Was it your common family name that triggered your desire to bring her life to the screen?
Our family connection goes back a long time. Hella's husband Sulo was my great uncle. But that was not the reason why I wanted to tell her story. Hella was a powerful, energetic, creative and very brave woman. An Estonian immigrant, she spoke seven languages and fast landed high paid jobs in import/export in Finland in the 1920s. She was a true business woman. She then started to write plays and got tremendously successful. She also collaborated with Bertolt Brecht. The most fascinating thing about her was that she had a complex personality. She was very wealthy and yet claimed to be a socialist. She was also convicted for spying for Russians in 1943 and put in jail. She managed to escape death row by only one vote. Just one year after her release in 1944, she became managing director of Finnish public broadcaster YLE.
Hella was just an extraordinary woman and in the history of Scandinavia and even Europe, there are few women with such a heroic life. But at a time when people where starving, her lavish lifestyle and arrogance became almost embarrassing and there was a strong effort from the Finnish secret police to destroy her.
How much time did you spend on pre-production?
The project started already in 2003, even before my first TV movie Gourmet Club. The length of time writing the script was, I feel, positive for the project and 2011 is a perfect time in Finland to release the film. There have been a number of historical male figures that have been made into film, but not a single woman of her calibre.
How did you cast the lead actress Tiina Weckström?
We knew we would need an actress who had a strong screen experience. Finland is a small country so we tracked down all the potential actresses for the role. Tiina was actually the only person we test shot. She is amazing.
How challenging was it to film this big period piece?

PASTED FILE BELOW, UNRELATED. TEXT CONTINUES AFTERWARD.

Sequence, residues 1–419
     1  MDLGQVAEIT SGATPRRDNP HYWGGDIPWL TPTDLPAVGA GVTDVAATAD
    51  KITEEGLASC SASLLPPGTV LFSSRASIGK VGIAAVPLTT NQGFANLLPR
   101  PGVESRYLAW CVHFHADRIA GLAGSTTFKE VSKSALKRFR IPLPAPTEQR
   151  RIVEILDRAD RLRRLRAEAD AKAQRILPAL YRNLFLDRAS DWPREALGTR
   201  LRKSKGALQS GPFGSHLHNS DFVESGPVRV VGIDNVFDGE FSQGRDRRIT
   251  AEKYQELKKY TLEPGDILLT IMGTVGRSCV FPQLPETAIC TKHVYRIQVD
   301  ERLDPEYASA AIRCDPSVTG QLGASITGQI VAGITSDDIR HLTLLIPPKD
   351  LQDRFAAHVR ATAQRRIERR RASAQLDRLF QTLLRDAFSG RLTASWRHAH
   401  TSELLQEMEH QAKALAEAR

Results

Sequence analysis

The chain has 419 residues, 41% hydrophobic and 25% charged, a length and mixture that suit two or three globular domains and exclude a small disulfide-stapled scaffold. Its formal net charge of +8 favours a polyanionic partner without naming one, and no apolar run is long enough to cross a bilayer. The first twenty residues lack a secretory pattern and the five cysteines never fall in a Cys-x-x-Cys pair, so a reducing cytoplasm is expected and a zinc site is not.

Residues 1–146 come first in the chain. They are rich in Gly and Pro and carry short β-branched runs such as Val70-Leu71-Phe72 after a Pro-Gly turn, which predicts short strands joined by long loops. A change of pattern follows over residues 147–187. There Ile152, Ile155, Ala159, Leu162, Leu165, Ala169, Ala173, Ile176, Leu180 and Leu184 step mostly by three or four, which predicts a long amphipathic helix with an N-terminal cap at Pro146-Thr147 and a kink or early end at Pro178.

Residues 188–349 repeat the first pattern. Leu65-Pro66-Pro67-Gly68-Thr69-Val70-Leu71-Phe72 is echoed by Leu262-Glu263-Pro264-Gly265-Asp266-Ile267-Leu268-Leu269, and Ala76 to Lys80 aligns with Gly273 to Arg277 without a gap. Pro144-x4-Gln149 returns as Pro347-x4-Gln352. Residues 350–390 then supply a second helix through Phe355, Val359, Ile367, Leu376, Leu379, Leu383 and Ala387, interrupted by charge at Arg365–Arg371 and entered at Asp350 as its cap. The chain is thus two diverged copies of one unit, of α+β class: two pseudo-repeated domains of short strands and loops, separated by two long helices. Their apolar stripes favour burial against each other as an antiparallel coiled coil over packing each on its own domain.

Everything in the project was super difficult. I was about to abandon it several times. At the beginning, I thought that with a historical project of this magnitude we would need a very big budget. But we managed to shoot this 35mm film for €2 million. We spent six months during pre-production location scouting in Finland and Estonia and found wonderful historical mansions. It was very exciting. As a director, I really enjoyed creating a visual world that doesn't exist...like with Christmas Story!
How did you put the financing together and what kind of release is planned for the film?
Putting together the financing was not so difficult as the budget was reasonable for a historical film. My company Snapper Films produced it, in co-production with Estonia's Amrion Ltd (producer/founder is Riina Sildos). We received financial support from YLE, the Finnish Film Foundation and Nordisk Film & TV Fond and I had an MG from Sandrew Metronome.
The film has been heavily promoted on various TV stations, radio and press outlets. Sandrew is launching it with 70 prints. It will be interesting to see how the 35+ core audience will respond to it.
What other projects are you working on?
I've been very busy with Hella W, and before that with Christmas Story. The film did amazingly well. It was sold to 120 countries and is probably the widest distributed Finnish film ever. We also sold over 100,000 DVDs in the US alone which is rare for a small foreign language film. Now I'm looking forward to making English language films for the international market. I have a project, the magical thriller Fata Morgana in early stages of financing. Joel Silver's Zinc Entertainment is the US producer. Snapper Films is co-financing and co-developing.
In terms of Finnish language projects, we have the rights for a well-known book franchise Ella and Friends based on Timo Parvela's classic novels. Taneli Mustonen will direct and filming should start this summer.
Snapper Films also co-produces European films. We recently worked on the French film Let My People Go, a comedy produced by Les Films Pelleas, starring Carmen Maura and several Finnish talents like actress Outi Mäenpää who just won a Guldbagge for Pernilla August's Beyond.